Leaf trichome responses to herbivory in willows: induction, relaxation and costs
Article first published online: 9 APR 2008
© The Authors (2008). Journal compilation © New Phytologist (2008)
Volume 179, Issue 1, pages 176–184, July 2008
How to Cite
Björkman, C., Dalin, P. and Ahrné, K. (2008), Leaf trichome responses to herbivory in willows: induction, relaxation and costs. New Phytologist, 179: 176–184. doi: 10.1111/j.1469-8137.2008.02442.x
- Issue published online: 9 APR 2008
- Article first published online: 9 APR 2008
- Received: 25 September 2007; Accepted: 15 February 2008
- induced plant defence;
- insect herbivory;
- leaf trichomes;
- Salix cinerea;
- • To circumvent the inherent problem of discriminating between the cost of losing photosynthetic tissue and the cost of producing an inducible defence, the growth response of herbivore-damaged plants was compared with plants damaged mechanically to the same extent but without eliciting the defence.
- • Two experiments were conducted, studying the response of willows (Salix cinerea) to damage by adult leaf beetles (Phratora vulgatissima).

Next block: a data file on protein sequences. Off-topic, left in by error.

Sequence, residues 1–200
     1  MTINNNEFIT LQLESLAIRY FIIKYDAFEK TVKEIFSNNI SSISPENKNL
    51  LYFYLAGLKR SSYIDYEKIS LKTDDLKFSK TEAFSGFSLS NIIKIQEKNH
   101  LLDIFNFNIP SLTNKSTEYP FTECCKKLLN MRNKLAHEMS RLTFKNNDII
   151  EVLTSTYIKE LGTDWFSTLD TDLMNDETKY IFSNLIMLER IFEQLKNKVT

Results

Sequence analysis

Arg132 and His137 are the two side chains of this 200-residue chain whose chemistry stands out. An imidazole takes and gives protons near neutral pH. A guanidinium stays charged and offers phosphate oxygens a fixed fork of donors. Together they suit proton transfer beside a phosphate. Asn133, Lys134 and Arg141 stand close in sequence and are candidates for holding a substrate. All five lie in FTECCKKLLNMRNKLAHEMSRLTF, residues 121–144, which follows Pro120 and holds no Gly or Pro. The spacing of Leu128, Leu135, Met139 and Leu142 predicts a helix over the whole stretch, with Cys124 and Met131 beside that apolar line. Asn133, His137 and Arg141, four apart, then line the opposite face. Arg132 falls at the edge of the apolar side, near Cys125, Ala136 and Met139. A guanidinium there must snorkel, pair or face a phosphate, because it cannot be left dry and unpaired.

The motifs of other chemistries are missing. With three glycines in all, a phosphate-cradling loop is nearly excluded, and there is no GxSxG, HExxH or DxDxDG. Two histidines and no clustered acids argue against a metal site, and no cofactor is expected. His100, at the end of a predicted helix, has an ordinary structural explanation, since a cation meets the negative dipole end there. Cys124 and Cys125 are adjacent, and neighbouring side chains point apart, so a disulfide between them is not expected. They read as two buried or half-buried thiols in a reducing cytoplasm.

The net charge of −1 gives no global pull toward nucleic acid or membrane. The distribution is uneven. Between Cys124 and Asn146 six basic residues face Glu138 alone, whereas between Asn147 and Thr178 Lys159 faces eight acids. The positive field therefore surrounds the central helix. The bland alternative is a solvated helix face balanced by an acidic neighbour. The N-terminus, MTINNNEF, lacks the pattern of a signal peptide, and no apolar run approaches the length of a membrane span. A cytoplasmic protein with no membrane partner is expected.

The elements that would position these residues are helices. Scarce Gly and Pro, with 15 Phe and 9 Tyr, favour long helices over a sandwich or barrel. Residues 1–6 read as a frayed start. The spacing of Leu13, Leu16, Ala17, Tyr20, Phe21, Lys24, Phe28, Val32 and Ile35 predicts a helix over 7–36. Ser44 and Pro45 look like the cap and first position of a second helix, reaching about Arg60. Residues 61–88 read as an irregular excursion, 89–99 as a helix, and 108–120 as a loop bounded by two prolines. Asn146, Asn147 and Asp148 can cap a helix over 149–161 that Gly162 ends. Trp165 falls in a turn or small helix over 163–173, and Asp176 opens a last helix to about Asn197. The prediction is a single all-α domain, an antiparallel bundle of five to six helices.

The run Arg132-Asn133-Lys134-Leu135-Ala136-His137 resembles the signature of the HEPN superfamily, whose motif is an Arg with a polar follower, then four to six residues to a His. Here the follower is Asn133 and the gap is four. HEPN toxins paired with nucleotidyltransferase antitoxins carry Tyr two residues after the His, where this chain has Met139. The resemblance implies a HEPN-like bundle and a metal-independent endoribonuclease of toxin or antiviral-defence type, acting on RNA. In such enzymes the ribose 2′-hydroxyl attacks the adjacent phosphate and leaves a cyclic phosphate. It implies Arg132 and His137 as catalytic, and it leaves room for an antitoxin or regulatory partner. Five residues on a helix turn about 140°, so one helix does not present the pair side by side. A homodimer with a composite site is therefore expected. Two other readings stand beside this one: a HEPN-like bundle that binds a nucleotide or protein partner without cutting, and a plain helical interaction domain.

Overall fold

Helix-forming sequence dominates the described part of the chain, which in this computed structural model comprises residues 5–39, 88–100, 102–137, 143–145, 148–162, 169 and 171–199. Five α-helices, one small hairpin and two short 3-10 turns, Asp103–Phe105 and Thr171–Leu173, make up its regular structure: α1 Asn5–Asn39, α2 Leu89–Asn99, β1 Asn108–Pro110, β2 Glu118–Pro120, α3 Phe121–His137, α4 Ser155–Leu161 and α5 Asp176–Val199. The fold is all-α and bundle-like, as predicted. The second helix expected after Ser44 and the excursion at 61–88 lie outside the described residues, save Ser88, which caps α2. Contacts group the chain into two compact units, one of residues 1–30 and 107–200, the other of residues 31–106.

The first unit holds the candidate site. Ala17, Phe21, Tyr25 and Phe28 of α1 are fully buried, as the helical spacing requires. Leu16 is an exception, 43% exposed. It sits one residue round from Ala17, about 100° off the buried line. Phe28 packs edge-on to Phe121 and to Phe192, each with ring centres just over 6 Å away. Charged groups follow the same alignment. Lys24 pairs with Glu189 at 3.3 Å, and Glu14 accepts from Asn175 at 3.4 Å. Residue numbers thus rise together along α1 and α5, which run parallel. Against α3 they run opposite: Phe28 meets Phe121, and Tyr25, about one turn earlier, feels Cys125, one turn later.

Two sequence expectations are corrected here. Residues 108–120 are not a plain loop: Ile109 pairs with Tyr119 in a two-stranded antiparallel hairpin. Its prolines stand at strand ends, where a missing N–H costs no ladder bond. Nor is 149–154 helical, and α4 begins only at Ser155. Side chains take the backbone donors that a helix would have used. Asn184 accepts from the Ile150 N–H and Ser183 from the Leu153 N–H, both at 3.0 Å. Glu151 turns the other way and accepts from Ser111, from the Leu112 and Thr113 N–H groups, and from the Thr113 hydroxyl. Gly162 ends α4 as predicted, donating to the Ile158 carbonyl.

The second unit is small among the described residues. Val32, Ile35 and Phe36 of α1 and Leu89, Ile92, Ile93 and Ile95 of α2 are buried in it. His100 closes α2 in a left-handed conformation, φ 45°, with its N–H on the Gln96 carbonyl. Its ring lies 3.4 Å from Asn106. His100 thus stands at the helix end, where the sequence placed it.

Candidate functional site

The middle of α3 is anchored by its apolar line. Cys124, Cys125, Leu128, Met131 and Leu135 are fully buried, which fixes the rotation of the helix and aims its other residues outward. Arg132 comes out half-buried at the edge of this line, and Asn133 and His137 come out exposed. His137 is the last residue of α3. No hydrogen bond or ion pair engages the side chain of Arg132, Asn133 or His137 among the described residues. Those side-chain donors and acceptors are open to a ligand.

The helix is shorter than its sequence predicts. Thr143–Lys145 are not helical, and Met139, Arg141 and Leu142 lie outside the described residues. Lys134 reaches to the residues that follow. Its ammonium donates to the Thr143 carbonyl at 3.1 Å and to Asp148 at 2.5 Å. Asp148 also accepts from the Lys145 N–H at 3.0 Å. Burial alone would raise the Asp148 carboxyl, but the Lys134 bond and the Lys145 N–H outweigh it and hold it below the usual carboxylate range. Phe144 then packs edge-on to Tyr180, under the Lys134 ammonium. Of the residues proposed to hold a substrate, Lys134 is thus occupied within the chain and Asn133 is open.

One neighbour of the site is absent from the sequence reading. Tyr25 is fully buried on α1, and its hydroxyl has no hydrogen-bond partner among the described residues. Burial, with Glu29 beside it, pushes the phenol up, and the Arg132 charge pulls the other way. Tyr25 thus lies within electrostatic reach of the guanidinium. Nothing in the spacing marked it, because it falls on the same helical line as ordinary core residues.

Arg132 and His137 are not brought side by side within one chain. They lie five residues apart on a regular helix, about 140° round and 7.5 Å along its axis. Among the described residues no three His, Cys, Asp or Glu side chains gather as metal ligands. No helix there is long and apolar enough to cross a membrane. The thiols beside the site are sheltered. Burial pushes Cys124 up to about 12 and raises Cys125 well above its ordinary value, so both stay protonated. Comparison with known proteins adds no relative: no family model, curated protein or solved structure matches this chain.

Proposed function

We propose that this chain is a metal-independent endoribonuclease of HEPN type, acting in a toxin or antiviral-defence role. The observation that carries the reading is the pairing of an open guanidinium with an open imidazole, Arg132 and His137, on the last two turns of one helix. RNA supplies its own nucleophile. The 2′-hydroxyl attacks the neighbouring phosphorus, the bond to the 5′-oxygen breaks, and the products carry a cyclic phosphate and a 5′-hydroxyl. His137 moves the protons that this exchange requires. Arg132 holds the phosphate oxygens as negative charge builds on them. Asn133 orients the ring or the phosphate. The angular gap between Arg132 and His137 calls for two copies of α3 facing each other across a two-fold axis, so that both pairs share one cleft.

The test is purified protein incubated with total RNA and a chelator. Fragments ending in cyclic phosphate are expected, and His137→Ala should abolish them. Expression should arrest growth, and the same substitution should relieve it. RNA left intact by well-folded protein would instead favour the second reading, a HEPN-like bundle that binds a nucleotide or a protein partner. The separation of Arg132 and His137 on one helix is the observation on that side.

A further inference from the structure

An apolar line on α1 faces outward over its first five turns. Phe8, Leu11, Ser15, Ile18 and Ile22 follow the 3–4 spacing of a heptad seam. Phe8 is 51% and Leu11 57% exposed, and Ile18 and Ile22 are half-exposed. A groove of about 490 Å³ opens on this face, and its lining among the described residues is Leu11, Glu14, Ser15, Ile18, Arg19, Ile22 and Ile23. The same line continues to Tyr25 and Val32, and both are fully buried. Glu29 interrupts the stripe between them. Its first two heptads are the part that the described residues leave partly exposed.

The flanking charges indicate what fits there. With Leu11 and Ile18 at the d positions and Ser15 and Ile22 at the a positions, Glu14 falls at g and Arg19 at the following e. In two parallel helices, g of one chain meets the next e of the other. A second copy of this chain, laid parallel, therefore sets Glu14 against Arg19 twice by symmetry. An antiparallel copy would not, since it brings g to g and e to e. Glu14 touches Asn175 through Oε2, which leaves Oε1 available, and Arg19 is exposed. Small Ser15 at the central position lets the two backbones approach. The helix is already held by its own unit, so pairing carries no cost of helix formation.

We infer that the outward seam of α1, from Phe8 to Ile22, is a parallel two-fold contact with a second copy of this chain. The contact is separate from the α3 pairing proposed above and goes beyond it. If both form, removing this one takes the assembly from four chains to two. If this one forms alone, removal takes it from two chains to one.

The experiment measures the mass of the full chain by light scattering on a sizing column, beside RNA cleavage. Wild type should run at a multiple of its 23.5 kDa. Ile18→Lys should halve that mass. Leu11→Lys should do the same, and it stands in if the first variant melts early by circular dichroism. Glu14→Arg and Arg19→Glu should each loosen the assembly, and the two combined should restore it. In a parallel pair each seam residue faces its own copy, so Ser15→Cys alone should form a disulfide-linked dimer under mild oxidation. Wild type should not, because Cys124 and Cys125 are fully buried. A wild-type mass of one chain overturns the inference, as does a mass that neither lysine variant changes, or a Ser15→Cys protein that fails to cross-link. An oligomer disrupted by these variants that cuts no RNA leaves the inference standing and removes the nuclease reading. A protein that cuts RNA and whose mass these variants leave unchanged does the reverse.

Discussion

- • In the first experiment, willows produced new leaves with an enhanced leaf trichome density 10–20 d after damage, coinciding in time with the feeding of beetle offspring. The response was relaxed in foliage produced 30–40 d after damage. In the second experiment, which also included mechanical damage, willows exposed to beetle feeding showed an increase in leaf trichome density of the same magnitude (> 70%) as in the first experiment. The cost of producing the defence was a 20% reduction in shoot length growth and biomass production. Willows exposed to mechanical damage had an 8% reduction in shoot length growth compared with control plants, that is, a cost of leaf area removal.
- • The results are the first quantitative estimates of the cost of a plant defence induced by natural and low amounts (3.3%) of herbivory.